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A round-up of the property market in Q1

With the first quarter of 2021 having come to a close, there’s no denying that there’s a new sense of positivity and hopefulness in the air. With lockdowns lifted, restrictions easing and vaccinations being rolled out in their millions, it’s unsuprising that the property market has seen a significant boost.

In this blog, join us as we look back over the significant events of Q1 in the property market, consider how they’ve affected property prices and sales, before making some estimations for the upcoming year.

Government efforts to boost the property market in Q1

Having entered the new year in a state of recovery, the government has certainly done their part in helping the housing market. Not only have their efforts, and the efforts of others within the housing industry, helped to give movers and first time buyers alike the helping hand they needed to buy property, but the schemes they’ve introduced have given a much needed boost to the wider housing industry. 

It’s easy to forget that, in shutting down parts of the housing market last year, more than just buyers and sellers suffered. Everyone that relies on this industry for their livelihood and business, such as estate agents, mortgage brokers, builders, decorators and landlords were cut off from their primary source of income and, even with government furlough schemes in place, it was an undeniably tough time for the sector.

In an attempt to keep the sector afloat in 2020 after the first lockdown, we saw the introduction of a temporary stamp duty land tax change back in July. This meant that there was no stamp duty to pay on properties up to the value of £500,000 and the result of this announcement was an increase in buyer interest. Initially, this change was due to expire on 31st March 2021 but in the Budget an extension was announced which will see the new threshold of £500,000 continue until the end of the second quarter. The hope behind this decision is that more buyers will make the most of the break in stamp duty by buying their homes prior to 30th June. 

Another government scheme that was announced during the Budget was the 95% mortgage scheme. Implemented as a way to help first time buyers and movers struggling to raise a big enough deposit to meet standard expectations of 10% – 20% deposit charges, this government scheme was announced at the end of Q1 and came into effect on 19th April 2021. The effect this will have on the housing market is yet to be seen, but hopefully it will help more people get onto the housing ladder. 

Rising buyer interest in Q1 

Throughout Q1, there has been a surge in buyer interest that, while not entirely unforeseen, has certainly exceeded the expectations of everyone. Properties across the country are selling faster than ever, with popular property listing sites like Rightmove and Zoopla reporting a record number of website visits over the last few months. As a result of this increased interest, house prices have also seen an impressive rise. Put into numbers, the average asking price in the UK has gone up by a massive 3% compared to the Q1 last year.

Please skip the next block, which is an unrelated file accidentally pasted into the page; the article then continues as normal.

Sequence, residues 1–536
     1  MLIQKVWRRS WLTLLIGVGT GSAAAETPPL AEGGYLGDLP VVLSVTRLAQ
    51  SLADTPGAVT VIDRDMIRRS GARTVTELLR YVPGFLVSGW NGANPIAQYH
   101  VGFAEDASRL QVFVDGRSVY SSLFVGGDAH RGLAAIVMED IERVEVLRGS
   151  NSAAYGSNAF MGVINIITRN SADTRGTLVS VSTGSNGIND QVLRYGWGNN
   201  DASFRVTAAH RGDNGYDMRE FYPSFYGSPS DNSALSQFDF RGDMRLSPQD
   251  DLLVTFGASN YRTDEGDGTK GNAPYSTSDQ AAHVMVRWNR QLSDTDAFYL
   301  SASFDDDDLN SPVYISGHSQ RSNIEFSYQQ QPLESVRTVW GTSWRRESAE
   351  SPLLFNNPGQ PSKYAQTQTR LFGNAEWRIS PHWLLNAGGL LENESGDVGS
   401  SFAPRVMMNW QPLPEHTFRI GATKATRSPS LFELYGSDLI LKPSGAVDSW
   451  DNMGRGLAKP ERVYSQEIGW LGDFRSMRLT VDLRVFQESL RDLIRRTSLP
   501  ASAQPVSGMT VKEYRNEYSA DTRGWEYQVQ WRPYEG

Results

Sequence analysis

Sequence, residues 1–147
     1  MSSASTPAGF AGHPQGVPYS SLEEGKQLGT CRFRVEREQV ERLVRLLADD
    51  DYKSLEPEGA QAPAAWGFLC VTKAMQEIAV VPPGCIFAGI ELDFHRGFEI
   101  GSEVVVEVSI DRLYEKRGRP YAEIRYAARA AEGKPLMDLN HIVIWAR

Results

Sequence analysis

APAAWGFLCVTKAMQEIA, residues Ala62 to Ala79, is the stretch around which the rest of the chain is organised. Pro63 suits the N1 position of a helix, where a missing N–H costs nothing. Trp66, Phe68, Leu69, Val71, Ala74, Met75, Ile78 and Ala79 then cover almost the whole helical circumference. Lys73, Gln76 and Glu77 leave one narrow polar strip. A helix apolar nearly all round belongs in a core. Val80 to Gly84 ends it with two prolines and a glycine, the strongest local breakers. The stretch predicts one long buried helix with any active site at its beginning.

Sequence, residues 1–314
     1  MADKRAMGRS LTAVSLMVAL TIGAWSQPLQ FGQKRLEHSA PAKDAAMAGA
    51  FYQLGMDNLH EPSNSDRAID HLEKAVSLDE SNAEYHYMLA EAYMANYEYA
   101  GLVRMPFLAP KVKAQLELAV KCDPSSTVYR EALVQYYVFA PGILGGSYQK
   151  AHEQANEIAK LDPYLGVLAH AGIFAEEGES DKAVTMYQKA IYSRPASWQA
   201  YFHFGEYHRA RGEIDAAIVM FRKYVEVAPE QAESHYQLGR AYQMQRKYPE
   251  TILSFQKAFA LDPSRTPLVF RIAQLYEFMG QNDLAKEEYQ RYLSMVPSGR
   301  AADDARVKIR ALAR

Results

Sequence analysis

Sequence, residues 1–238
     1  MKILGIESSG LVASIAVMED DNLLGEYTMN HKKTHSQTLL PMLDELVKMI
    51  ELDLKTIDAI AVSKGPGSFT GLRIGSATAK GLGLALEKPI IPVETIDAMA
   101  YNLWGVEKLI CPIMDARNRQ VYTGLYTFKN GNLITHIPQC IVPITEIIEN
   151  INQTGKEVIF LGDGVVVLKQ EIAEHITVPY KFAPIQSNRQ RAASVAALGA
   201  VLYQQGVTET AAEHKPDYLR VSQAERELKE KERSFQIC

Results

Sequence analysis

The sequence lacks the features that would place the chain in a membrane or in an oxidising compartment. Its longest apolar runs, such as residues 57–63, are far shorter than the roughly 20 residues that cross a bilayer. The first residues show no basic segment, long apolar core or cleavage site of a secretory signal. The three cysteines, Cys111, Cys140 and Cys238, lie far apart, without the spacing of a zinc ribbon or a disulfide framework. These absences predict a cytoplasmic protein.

While identifying exactly what has caused this huge increase in buyer interest is all but impossible, we’ve identified three primary motivations that can explain some of where this rush has come from.

  1. Government schemes have gone a long way to encouraging buyers back into the fold, with current renters working hard to save up their 5% deposits in order to buy under the 95% mortgage scheme while first time buyers are making the most of the new Help to Buy equity loan scheme also introduced in April 2021. 
  2. A buyer backlog that was created back in March of 2020 continues to keep the housing market busy, with some areas seeing houses listed and sold without ever being advertised. Where this occurs, it is likely that estate agents already have prospective buyers willing to pay above market value in order to secure a sale quickly having been approached by people waiting for the appearance of a new relevant property. This is, of course, not an issue for those seeking to purchase properties by auction.
  3. A widespread reevaluation of buyer priorities post-lockdown could also have had an impact on increased buyer appetite for homes outside of cities. With working contracts throughout the country operating on a more flexible basis, with some switching entirely to working from home and others favouring a mix of home and office work, many have sought a more remote, rural location.

Looking past Q1 to the future

Prospects for the future are looking bright as we make our way through Q2 thanks to a combination of continued buyer interest, general economic growth with the hospitality sector reopening and the introduction and extension of government led schemes. Estimates point towards this trend continuing for a while yet but, with government support being lessened at the end of Q2 with the stamp duty holiday coming to an end, now may be the safest time to join the housing rush. 

If you’re hoping to make the most of the current schemes that were announced in Q1 before they come to a close, in particular the stamp duty holiday, now is the time to start looking. With deadlines fast approaching, even with increased speed of sales in the open property market, buying a property by auction remains the best way to ensure a sale is finalised quickly. 

At SDL Property Auctions, sales are agreed on the day of the auction and contracts are exchanged as soon as the hammer falls so you can be confident that, when buying a property in one of our auctions, you aren’t in any danger of being gazumped. Start searching for your dream property today by using our Property Finder.